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  Using Primary Sources

The detective investigates a crime that was committed in the past. He looks for evidence such as fingerprints or witnesses or articles that link the suspect and the crime. Likewise the historian looks for evidence such as letters, diaries, court documents, objects used by the people being studied, and buildings where the people lived. After gathering evidence from primary sources, the historian creates a secondary source by writing about the findings, analyzing them, or putting them together into a story about the past. Martha Ballard’s diary is a primary source. Laurel Ulrich’s book about Martha Ballard’s diary is a secondary source.

A secondary source used differently can become a primary source. For example, in the nineteenth century, histories were written about many U.S. towns and cities. As history books, they would be classified as secondary sources. Today, however, we can read one of these same town histories to find evidence of the author’s life, times, and world view.

The historian’s primary source is evidence from the past. A secondary source uses evidence from primary sources to try to figure out the past. The historian’s dream is to find fresh evidence from the past and, from that evidence, to create a fresh interpretation of history.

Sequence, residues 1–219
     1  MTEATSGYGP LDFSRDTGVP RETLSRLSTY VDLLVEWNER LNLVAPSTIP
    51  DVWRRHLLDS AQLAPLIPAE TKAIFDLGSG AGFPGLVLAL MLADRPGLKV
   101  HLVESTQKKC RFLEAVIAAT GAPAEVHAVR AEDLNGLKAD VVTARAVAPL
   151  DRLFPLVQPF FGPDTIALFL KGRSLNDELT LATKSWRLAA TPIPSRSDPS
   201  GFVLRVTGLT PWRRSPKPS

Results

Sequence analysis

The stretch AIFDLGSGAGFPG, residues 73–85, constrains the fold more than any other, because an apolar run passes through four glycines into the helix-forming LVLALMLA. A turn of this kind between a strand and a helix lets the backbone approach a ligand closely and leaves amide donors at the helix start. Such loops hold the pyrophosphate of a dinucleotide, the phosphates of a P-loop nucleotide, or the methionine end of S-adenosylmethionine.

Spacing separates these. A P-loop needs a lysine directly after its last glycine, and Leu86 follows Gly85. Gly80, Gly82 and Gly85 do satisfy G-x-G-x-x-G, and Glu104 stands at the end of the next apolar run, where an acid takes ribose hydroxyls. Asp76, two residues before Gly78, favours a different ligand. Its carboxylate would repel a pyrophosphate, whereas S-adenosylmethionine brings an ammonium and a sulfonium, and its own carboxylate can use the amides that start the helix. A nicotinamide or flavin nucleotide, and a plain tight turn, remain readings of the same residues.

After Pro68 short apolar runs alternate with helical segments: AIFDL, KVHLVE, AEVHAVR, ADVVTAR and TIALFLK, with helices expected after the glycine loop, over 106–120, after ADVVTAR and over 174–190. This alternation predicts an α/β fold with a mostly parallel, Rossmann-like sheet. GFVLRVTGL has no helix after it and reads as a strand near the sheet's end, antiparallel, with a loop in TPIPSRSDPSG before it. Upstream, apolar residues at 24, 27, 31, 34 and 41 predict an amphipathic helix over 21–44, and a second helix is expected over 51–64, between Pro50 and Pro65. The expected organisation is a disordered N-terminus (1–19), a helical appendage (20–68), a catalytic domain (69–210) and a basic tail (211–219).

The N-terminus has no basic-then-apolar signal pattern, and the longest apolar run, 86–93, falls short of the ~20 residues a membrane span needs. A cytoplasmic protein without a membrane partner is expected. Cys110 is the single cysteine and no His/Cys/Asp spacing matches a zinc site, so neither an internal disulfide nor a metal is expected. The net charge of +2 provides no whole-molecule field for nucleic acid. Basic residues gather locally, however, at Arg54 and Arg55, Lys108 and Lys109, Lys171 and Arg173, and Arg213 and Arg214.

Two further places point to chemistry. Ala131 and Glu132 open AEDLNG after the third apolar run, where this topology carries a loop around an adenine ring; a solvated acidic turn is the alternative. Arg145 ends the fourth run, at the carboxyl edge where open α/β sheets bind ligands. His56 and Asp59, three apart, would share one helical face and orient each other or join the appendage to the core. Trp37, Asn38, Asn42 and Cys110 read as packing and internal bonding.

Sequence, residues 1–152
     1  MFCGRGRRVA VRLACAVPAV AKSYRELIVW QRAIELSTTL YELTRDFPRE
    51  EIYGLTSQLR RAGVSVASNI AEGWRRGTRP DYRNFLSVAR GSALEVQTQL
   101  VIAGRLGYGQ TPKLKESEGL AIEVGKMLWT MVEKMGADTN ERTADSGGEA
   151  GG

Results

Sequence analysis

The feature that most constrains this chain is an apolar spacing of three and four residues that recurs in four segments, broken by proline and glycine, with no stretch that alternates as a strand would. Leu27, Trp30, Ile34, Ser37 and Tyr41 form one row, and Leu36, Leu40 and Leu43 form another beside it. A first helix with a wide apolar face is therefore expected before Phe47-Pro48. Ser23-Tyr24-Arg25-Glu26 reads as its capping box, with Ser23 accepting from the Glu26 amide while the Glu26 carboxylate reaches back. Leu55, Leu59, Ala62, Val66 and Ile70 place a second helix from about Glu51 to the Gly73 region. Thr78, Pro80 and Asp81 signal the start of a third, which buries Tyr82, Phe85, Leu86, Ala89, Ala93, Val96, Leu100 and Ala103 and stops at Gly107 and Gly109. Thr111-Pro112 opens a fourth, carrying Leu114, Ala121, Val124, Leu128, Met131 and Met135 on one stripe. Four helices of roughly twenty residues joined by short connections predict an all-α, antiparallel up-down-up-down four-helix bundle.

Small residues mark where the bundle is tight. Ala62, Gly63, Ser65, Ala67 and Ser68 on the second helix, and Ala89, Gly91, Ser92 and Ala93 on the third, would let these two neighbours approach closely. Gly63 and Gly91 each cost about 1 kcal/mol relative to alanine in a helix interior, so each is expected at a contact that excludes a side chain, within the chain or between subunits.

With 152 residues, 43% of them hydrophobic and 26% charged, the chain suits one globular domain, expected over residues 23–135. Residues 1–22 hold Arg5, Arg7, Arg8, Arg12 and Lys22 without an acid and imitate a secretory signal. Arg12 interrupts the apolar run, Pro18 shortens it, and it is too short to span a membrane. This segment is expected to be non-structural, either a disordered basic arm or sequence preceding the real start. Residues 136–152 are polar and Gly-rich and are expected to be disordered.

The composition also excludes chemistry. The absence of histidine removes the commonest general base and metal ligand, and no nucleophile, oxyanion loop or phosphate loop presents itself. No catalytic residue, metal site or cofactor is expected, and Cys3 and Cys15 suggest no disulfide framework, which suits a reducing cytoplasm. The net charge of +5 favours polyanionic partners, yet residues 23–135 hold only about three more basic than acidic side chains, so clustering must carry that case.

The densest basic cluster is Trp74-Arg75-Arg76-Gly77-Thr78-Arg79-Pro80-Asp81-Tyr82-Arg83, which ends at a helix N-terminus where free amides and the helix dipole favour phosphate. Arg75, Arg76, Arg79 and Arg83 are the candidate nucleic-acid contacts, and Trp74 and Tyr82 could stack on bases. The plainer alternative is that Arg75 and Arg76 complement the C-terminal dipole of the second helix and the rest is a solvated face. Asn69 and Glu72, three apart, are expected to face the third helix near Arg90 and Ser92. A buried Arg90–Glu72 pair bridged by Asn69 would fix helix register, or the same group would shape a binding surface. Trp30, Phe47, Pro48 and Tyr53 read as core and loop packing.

First Ask These Questions

Historians go to primary sources in the search for evidence to answer questions about what happened in the past and why. When working with primary sources, answering a series of basic questions can help us draw more accurate conclusions.

When trying to gather evidence from a primary source, first try to answer these basic questions. (You may not have enough information to do so.)

  1. What is it?
  2. Who wrote or made it?
  3. When was it written or made?
  4. Where was it written or made?
  5. How was it written or made?
  6. What evidence does this source contribute to my research?

Then Ask, What Is The Meaning of This Primary Source?

  1. Why was this document/object written or made?
  2. Who was the intended audience/user?
  3. What questions does this source raise? What don’t we know about this source?
  4. What other information do we have about this document or object?
  5. What other sources are like this one?
  6. What other sources might help answer our questions about this one?
  7. What else do we need to know in order to understand the evidence in this source?
  8. What have others said about this or similar sources?
  9. How does this source help me to answer my research question?
  10. How does evidence from this source alter or fit into existing interpretations of the past?

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